When performance of a duty under a contract was due, any nonperformance is a breach. If a breach constitutes a material failure of performance, then the non-breaching party is discharged from all liability under the contract. In determining whether a failure of performance is material, a court considers the following factors: a) the extent to which the injured party will be deprived of the benefit which he reasonably expected; b) the extent to which the injured party can be adequately compensated for that part of that benefit of which he will be deprived; c) the extent to which the party failing to perform or to offer to perform will suffer forfeiture; d) the likelihood that the party failing to perform or offer to perform will cure his failure, taking account of all the circumstances including any reasonable assurances; and e) the extent to which the behavior of the party failing to perform or offer to perform comports with standards of good faith and fair dealing.
When appellee contractor sent appellant new homeowners a bill for excess charges for drilling a deep well in connection with the construction of a new home, appellants sent appellee a letter that questioned the charges and requested arbitration under the terms of their contract. Appellee stopped all work and brought an action alleging anticipatory breach of contract. The trial court found for appellee and awarded damages. Appellants sought review and the court reversed. The court found that appellee had breached the contract by stopping work and remanded for a determination of damages.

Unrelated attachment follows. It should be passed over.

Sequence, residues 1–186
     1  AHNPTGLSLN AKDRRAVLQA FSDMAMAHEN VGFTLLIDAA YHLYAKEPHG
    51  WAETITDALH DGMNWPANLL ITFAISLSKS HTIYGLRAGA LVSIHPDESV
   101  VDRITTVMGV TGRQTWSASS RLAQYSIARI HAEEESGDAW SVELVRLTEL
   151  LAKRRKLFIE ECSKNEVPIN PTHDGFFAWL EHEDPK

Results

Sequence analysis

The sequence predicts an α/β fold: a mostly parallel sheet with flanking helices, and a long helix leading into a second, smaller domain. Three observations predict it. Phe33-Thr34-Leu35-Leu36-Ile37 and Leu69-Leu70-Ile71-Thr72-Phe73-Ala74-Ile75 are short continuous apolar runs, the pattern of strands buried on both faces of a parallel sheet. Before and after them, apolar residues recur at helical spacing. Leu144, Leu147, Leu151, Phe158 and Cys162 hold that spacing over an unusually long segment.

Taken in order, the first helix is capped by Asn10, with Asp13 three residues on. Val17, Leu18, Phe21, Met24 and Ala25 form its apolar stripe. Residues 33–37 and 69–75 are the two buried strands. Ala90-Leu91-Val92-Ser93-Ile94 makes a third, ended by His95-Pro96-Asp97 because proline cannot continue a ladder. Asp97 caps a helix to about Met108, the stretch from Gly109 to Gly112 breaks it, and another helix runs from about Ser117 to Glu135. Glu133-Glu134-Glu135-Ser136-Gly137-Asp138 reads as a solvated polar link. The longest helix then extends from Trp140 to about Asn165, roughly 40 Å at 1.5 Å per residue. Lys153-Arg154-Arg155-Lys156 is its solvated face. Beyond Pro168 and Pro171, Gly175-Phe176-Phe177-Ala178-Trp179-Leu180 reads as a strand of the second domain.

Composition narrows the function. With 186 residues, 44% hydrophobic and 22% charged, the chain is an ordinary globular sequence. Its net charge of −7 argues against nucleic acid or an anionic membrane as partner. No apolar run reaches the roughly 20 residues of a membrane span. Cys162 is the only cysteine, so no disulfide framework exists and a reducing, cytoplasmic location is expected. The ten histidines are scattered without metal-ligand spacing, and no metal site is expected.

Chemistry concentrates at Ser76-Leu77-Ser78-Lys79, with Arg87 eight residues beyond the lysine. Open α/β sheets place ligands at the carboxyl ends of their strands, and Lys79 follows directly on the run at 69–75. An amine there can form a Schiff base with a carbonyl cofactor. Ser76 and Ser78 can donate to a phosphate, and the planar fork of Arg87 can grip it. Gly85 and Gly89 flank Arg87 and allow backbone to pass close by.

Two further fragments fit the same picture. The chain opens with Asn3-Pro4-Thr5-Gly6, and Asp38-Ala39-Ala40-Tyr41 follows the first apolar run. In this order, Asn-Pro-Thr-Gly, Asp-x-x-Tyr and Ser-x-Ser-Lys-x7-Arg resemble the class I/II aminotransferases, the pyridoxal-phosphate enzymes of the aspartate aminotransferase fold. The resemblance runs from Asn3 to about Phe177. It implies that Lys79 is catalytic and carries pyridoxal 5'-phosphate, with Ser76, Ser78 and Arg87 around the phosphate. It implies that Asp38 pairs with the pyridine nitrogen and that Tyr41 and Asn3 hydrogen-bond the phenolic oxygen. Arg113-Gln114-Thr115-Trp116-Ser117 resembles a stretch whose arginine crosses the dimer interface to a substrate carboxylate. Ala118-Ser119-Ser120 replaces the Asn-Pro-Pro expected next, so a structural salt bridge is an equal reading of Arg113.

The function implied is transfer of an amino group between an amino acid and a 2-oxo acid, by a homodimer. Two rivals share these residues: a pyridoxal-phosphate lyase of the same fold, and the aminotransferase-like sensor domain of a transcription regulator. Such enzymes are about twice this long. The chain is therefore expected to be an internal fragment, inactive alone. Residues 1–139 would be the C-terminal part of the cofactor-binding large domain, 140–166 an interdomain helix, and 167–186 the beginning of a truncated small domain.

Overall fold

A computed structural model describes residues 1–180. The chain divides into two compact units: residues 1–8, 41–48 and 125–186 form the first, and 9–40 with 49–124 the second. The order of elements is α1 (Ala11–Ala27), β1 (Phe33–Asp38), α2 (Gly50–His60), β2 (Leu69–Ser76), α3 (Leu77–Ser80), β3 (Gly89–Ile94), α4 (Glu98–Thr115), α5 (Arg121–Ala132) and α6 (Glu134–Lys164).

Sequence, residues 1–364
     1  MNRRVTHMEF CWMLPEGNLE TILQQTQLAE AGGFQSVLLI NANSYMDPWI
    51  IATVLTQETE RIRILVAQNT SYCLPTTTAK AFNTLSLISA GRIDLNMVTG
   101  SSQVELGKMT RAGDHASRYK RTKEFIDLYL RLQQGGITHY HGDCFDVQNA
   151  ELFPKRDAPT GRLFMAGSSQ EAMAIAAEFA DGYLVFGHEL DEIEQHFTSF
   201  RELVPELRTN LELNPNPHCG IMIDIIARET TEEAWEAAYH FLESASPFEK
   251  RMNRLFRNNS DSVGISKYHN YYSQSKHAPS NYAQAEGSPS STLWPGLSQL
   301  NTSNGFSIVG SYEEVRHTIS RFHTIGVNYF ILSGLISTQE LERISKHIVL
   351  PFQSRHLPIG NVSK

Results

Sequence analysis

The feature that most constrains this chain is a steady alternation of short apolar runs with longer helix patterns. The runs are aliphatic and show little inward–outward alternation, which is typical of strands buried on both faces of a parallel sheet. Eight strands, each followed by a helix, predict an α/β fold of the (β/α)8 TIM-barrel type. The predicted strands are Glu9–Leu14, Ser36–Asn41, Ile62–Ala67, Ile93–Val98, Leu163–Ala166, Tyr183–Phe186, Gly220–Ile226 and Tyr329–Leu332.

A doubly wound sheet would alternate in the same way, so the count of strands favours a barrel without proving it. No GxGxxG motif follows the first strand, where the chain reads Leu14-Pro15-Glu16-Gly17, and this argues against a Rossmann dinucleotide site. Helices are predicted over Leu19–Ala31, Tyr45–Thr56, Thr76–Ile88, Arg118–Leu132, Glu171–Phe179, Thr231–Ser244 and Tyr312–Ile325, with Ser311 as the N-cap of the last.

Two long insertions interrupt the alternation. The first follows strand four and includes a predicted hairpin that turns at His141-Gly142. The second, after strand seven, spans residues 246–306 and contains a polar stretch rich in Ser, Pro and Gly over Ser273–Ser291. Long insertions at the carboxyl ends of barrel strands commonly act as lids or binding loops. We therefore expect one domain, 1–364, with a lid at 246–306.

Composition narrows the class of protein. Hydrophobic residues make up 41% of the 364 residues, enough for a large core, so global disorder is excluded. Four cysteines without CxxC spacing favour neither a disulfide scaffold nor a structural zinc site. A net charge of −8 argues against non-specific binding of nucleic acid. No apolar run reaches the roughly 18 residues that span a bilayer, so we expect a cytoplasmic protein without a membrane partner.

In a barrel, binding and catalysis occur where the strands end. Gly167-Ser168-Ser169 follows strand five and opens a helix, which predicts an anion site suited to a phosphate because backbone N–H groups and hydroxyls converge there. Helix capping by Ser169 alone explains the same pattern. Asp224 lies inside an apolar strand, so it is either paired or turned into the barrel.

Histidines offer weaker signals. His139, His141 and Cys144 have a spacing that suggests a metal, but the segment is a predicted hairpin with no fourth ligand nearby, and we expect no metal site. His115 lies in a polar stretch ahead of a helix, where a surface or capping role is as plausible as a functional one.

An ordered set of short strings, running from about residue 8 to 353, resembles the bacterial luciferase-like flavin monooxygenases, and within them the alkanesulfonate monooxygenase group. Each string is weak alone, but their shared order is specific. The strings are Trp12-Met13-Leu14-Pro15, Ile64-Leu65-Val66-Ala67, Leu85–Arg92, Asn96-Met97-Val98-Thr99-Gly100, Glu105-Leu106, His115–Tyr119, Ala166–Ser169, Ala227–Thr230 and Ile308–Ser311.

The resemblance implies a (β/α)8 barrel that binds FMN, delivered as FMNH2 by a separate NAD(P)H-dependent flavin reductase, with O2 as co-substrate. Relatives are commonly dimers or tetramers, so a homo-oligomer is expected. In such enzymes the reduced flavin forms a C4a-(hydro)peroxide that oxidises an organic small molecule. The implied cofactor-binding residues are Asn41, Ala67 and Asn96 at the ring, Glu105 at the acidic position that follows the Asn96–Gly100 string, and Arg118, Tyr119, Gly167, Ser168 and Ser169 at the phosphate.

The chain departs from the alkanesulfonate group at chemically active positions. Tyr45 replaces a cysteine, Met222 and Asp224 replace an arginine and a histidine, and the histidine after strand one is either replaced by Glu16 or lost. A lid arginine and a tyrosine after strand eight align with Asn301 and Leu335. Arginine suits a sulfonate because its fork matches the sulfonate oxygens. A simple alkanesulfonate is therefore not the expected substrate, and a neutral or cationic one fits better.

Did the trial court err in ruling that appellant breached its contract?
Appellant new homeowners' letter to appellee contractor regarding a dispute over certain charges for drilling a deep well was not a definite and unconditional repudiation of the contract which had amounted to a statement of intention not to perform except on conditions which go beyond the contract. Mere expression of doubt as to willingness or ability to perform is not enough to constitute a repudiation, although such an expression may have given appellee reasonable grounds to believe that the obligor will commit a serious breach and may ultimately result in a repudiation.